Of course, I had to I answer right back: “Hah! It’s too late for that suckah!! Not to mention it isn’t that far of a leap from the fictional hollywood action movie weapons you’ve been pimpin’ so far.” I couldn’t very well argue with this logic. Though I suspect that any logic that is a product of inane psychobabble may not be particularly reliable. Dunno whether y’all will be more disturbed by the fact that I am blogging about an animated weapon or that I talk to myself. Either way, it doesn’t matter. ‘Cause, like I’ve said many times before, I’ve never professed sanity to begin with.

But anyway, here I am, getting ready to talk about an interesting kind of throwing blade that makes an appearance in the anime Naruto and also in the video games Final Fantasy and Ninja Gaiden. We will be focusing primarily on the only folding version of this blade, which was used by Sasuke in the Naruto anime series. We are, of course, talking about the Fuuma Shuriken, AKA the Fūma or “Wind Demom” shuriken, more commonly known as the Shadow Windmill Shuriken.

Shadow Windmill Shuriken

Shadow Windmill Shuriken
[view full size]

Now, in spite of being an anime weapon, it actually fulfills all of the criteria for the hollyood glaive. It is a multi-bladed throwing weapon. It folds up. And it has boomerang-like qualities to boot. Lucky for you, I just so happen to have an (all too brief) clip of one in action:

Fuuma Shuriken Deployment

Sasuke Hurling his Fuuma Shuriken
[click to view]

Sweet eh? Now I will mention that the game and anime versions of these types of weapon have one major difference to their live action movie counterparts. They are huge! They are not normal hira shuriken sized by any stretch of the imagination, being quite a few orders of maginitude larger than any of the others I have mentioned so far. In fact, a single blade of this particular monstrosity is about the size of a full-sized machete. When it’s closed it’s the equivalent of holding 4 large cutlasses side by side. Heh.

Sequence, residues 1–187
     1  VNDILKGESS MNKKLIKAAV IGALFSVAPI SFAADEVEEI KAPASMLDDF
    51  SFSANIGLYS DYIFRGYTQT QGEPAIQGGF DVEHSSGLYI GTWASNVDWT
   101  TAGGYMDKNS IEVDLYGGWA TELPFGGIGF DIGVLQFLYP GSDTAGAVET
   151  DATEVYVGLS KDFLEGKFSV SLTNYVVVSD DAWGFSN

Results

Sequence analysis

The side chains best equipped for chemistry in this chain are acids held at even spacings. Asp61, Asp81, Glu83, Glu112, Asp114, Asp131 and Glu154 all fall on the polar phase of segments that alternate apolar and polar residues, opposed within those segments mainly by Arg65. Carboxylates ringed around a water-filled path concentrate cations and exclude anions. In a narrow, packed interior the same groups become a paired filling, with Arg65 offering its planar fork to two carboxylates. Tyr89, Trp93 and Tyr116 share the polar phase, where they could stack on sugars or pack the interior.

Closed Fuuma Shuriken
Fuuma Shuriken (Closed)

Now of course I do have a couple of reservations about it. Like the fact that I don’t see a way to lock it in the open position. Not particularly confidence inspiring. Not to mention that, given it’s size and potential weight, it would almost have to be your primary (if not only) weapon. Let’s face it. If you carried one, you might be hard pressed to carry much else. I mean look at it. It’s almost as big as Sasuke. Granted he’s just a kid, (a highly trained, very skilled killer ninja kid) but still. Any weapon that is almost as large as a teen-aged boy has some serious size issues… But then again we are talking about a fictional animated weapon that routinely defies the laws of physics, so what do I know.

The Monster Shuriken

Sasuke's Big old Fuuma Shuriken
[view full size]

But given what it could do, (if it were real) the simple but robust construction, and it’s intimidating appearance, (Did I mention that it is usually portrayed as a black weapon… Yes! Bonus Points!!) it would most certainly be quite an effective, durable and lethal weapon to wield. Assuming, of course, that you are A) a highly trained animated ninja, or B) carry steel I-beam girders around for a living…

But strength requirements aside, it seems that this weapon could actually be combat worthy. Unlike most of the other glaives I’ve blogged, this weapon has ample space on each blade for a handle grip throw to be used, though it would require some serious training to get good rotation and a clean release using it.

But the truth is, this is such a beautiful and intimidating (albeit impractical) weapon, I really don’t care bout it’s shortcomings. I’d buy one in a heartbeat. I have actually been toying with the idea of designing a working one, just to see if I can overcome the challenge of inventing a strong, reliable blade locking mechanism for such a weapon. Would be pretty awesome… But that’s probably just my inner nerd talking…